Betrayal of Friendship

Betrayal of Friendship

The worst friend a person can have is a Christian who justifies him or her in their sin and rebellion. Many people react to sin as if it is a moral issue only, which is not true. We should be ready to tell our sinner friends that the wages of sin is death. As long as death reigns over a person, he is a slave to sin.

If we refuse to be honest with the sinner about his problems, we shut the door of salvation in his face. But when we lie to our sinner friends or family, we do worse, we deliberately camouflage the door so that it is not visible to them. Our motive for the deception is usually selfishness; we care more about our friends accepting us than we care about their separation from Life.

Yasha said we should let our light so shine so that others may see. Another way to say this is “Be the truth you see and teach.” Your words must match your convictions and expressions if you desire to be a light to those in darkness.
We are not setting a Christian standard if we pretend to accept obvious sin in others’ lives to keep them from being uncomfortable around us. If we hold our relationship with man to be more important than our relationship with Yahweh, we are in darkness because we are not allowing our light to shine. There is no need to nit-pick or condemn others unnecessarily. For instance, our friend might confess that he or she is not sure they are a Christian. Be honest; tell them they need to have an experience that will thoroughly convince them that they are a Christian. If you doubt your salvation, you definitely lack an experience that is available to you. If you think, act, and talk like the rest of the world, you are one of them. This is truth that needs to be understood by the unconverted person.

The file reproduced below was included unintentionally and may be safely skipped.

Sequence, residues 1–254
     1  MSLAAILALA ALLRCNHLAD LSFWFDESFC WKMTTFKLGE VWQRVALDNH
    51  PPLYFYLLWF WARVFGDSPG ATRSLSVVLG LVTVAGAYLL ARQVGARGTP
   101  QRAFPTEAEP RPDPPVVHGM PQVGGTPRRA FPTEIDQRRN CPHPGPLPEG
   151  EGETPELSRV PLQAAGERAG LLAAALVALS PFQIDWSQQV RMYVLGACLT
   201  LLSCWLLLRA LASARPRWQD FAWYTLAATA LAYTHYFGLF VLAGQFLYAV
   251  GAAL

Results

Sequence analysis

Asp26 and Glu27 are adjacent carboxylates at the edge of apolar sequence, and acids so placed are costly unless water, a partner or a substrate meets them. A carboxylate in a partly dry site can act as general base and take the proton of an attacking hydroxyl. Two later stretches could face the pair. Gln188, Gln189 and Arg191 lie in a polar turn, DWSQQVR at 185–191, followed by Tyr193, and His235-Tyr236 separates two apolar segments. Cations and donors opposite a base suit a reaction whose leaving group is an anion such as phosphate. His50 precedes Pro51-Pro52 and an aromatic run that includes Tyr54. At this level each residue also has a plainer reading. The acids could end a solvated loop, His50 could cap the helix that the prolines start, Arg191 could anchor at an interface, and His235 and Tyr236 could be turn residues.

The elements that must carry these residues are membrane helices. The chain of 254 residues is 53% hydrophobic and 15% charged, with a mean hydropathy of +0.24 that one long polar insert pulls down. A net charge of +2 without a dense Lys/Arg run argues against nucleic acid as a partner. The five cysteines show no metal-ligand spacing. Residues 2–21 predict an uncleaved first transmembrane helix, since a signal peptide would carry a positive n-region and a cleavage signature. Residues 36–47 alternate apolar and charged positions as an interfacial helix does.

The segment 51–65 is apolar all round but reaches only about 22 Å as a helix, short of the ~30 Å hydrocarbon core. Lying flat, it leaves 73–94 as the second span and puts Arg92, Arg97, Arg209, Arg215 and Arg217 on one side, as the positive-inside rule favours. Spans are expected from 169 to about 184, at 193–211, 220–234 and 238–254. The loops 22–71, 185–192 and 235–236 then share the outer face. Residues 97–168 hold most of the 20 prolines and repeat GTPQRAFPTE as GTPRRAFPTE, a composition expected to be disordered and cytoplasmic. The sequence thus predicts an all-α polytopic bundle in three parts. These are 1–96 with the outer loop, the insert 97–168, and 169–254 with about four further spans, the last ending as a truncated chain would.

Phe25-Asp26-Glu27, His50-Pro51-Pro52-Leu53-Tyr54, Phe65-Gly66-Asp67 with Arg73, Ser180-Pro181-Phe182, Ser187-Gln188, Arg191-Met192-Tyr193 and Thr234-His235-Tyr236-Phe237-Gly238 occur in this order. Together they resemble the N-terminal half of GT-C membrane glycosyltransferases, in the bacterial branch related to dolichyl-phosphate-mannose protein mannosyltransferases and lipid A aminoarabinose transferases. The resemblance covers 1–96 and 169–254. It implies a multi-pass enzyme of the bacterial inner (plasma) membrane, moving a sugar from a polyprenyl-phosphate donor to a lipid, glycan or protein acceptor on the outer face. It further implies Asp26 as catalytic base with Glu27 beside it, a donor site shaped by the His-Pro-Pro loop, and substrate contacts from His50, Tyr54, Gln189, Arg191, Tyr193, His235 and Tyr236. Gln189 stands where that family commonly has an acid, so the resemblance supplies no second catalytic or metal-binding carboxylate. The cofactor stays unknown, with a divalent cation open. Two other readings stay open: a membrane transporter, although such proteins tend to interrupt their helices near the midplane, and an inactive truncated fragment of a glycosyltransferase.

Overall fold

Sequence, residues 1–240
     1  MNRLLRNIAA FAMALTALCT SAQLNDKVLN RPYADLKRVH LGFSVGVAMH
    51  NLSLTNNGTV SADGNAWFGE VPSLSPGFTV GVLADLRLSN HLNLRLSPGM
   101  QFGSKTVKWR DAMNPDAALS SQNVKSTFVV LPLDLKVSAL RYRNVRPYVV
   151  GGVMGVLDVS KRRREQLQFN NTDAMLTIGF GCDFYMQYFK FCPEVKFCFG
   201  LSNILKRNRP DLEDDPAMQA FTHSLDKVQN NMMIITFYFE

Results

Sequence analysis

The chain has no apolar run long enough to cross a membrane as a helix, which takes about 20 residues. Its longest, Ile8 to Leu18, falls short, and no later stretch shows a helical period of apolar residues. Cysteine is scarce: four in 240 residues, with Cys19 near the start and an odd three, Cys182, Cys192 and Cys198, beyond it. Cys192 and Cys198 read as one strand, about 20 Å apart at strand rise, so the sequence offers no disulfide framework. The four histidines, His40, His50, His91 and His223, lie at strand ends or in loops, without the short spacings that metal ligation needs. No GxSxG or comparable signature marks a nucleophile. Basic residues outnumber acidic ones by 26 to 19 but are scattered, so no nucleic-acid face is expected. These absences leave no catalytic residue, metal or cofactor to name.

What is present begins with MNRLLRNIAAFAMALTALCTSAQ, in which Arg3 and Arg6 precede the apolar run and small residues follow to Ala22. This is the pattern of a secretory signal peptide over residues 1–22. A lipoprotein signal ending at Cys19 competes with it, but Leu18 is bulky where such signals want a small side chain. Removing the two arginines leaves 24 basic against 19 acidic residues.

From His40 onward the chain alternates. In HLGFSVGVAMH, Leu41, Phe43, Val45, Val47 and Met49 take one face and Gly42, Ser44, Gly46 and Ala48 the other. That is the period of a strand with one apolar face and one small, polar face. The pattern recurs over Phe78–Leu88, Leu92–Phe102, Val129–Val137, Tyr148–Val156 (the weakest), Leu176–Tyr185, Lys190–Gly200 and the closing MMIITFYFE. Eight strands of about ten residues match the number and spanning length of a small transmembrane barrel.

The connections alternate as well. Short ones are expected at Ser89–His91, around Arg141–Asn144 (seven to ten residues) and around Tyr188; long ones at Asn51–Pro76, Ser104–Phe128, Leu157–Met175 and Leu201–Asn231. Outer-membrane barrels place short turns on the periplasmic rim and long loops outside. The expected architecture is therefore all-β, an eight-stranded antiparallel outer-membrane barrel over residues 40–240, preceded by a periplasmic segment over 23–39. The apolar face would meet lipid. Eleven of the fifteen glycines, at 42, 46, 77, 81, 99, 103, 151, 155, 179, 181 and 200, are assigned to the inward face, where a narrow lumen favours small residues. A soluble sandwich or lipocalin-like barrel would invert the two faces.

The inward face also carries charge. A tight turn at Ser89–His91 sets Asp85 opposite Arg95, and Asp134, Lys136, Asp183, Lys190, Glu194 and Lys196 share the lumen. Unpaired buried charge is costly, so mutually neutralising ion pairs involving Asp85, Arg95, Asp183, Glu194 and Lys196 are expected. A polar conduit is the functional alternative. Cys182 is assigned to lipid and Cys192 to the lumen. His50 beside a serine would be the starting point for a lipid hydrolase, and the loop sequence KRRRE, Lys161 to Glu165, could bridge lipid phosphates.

I remember a lady coming to me in the church and confessing that she had always thought she was a Christian, but that she did not have an experience like I had. She said, “Your experience has changed you. You are different than I am. I have never had that kind of an experience.”

A religious woman was standing near by and was listing to the lady’s confession and immediately interrupted her in the way of a rebuke. She told her she should never belittle her salvation or compare it with another person’s experience. She was not comparing in the spirit that the woman accused her of, but had made a simple statement that she had become aware of her lack and that something greater was being made available to her. I was unable to help the lady because the woman quickly whisked her away and refused to allow us to finish our conversation. The, would be, repentant lady continued to live a defeated, miserable, religious life and died without her release.